Thalassemia Patients and Friends

Discussion Forums => Miscellaneous Questions => Topic started by: Christine Mary on October 08, 2006, 05:18:59 PM

Title: ONLY $800,000!
Post by: Christine Mary on October 08, 2006, 05:18:59 PM
What is being done to find a cure for Thalassemia?

While there are many promising research areas (fetal hemoglobin induction, gene therapy, cord blood and bone marrow transplant, alternative iron removal therapy, blood substitutes), unfortunately very little funding for medical research is being directed toward finding a cure for Thalassemia. In 1999, the National Institute of Health (NIH) awarded medical research grants worth only $800,000 for Thalassemia research, as compared to $10 million for cystic fibrosis (a genetic disorder primarily affecting Caucasians) and $24 billion for cancer research. The $800,000 supports four researchers with annual grants of $200,000 each. Medical researchers need more funding to assist them in their efforts – currently their hard work is based on their dedication and a minimal research budget.

Title: Re: ONLY $800,000!
Post by: namitha on October 23, 2006, 08:52:39 AM
Hi Christine,

Sorry I am a foul mood today so I must say that nothing much is being done for thalassemia. It is an orphan disease. Check out this link (

I mean how many thals are there globally. Compare it with the number of people who have CF or cancer. Majority wins Christine. Even with something as critical as life saving research, politics rules. We need a really strong godmother or godfather I should think. I hope doctors and researchers read our posts and understand that we really need to find a cure.


Title: Re: ONLY $800,000!
Post by: emersive on October 24, 2006, 04:42:24 PM
How many thals are there in the world?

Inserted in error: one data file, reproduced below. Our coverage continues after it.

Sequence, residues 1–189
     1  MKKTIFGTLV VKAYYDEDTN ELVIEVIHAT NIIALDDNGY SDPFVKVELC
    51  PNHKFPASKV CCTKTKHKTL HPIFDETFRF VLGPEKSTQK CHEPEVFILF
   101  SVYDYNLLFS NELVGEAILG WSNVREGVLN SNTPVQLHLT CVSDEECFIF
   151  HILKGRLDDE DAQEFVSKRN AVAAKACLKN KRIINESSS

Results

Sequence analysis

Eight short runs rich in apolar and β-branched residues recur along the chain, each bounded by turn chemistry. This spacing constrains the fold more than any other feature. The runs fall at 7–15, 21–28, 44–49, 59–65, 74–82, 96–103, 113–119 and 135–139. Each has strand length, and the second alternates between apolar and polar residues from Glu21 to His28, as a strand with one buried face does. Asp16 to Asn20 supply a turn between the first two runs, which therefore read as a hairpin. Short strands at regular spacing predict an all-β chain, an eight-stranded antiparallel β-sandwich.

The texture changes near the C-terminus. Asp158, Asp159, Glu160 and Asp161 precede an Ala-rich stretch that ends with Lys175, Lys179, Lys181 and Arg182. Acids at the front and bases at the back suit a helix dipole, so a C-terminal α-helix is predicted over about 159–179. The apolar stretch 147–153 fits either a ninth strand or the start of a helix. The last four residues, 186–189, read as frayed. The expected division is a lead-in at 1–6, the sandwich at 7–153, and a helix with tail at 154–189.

Title: Re: ONLY $800,000!
Post by: Narendra on October 24, 2006, 05:02:09 PM
How many thals are there in the world?

I do NOT think we can get the exact figure as thousands of thals go undetected and die without knowing what was the cause?

Also, are you talking about Thal(Major), Thal(Intermedia) or Thal(Minor)?

There are countries like India where roughly - 10000 kids are born each year with Thal(Major). An estimated 4% population of the more than 1 billion carry the Thal(Minor) gene

This site might help you with some information on the stats of different countries

Title: Re: ONLY $800,000!
Post by: Andy Battaglia on October 24, 2006, 06:26:35 PM

The most severe form of the disease, beta thalassemia major, affects 300,000 patients worldwide.

I think this number is underestimated. It is estimated that there are well over 200 million trait carriers in the world. Over 30% of the population of Thailand are trait carriers. My own feeling is that most majors in India, Thailand, Pakistan and much of Asia are not counted or treated.

I think that it is a mis-statement to say there are not enough thals to attract the attention needed. I feel the real problem is that most majors live in countries where treatment is scarce and where treatment is good there aren't so many thals. If this was reversed and thal was a major problem in the west, suddenly thal would be important enough to attract attention. Thal is seem mostly as a problem for poor non-whites and doesn't get the emphasis. This is why it becomes our task to find ways to spread the word. Thal is a much bigger problem  than the world realizes. Let's get it the attention it needs.
Title: Re: ONLY $800,000!
Post by: namitha on October 25, 2006, 10:29:49 AM

Andy is 100% right. Thal is concentrated in poor countries like India, Pakistan etc. It makes my blood boil that it is not taken seriously and not much research is being done. If thal populations were to escalate in the first world countries, maybe medical researchers will sit up and do something. Till then, it's the poor cousins' problems. Who cares?

Angry Namitha  :mad